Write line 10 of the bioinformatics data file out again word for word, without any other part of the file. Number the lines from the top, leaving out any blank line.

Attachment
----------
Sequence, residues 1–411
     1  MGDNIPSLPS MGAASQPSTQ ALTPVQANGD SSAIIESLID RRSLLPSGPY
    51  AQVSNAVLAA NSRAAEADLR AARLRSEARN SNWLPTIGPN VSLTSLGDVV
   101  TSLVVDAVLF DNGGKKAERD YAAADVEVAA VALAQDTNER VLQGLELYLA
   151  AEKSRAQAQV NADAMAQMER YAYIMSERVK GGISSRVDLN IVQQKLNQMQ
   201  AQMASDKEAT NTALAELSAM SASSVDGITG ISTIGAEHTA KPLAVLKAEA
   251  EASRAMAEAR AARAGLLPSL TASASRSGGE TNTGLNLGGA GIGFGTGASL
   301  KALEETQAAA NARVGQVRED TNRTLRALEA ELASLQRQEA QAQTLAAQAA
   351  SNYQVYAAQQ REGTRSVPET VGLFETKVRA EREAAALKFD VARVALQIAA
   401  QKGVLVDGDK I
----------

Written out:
   401  QKGVLVDGDK I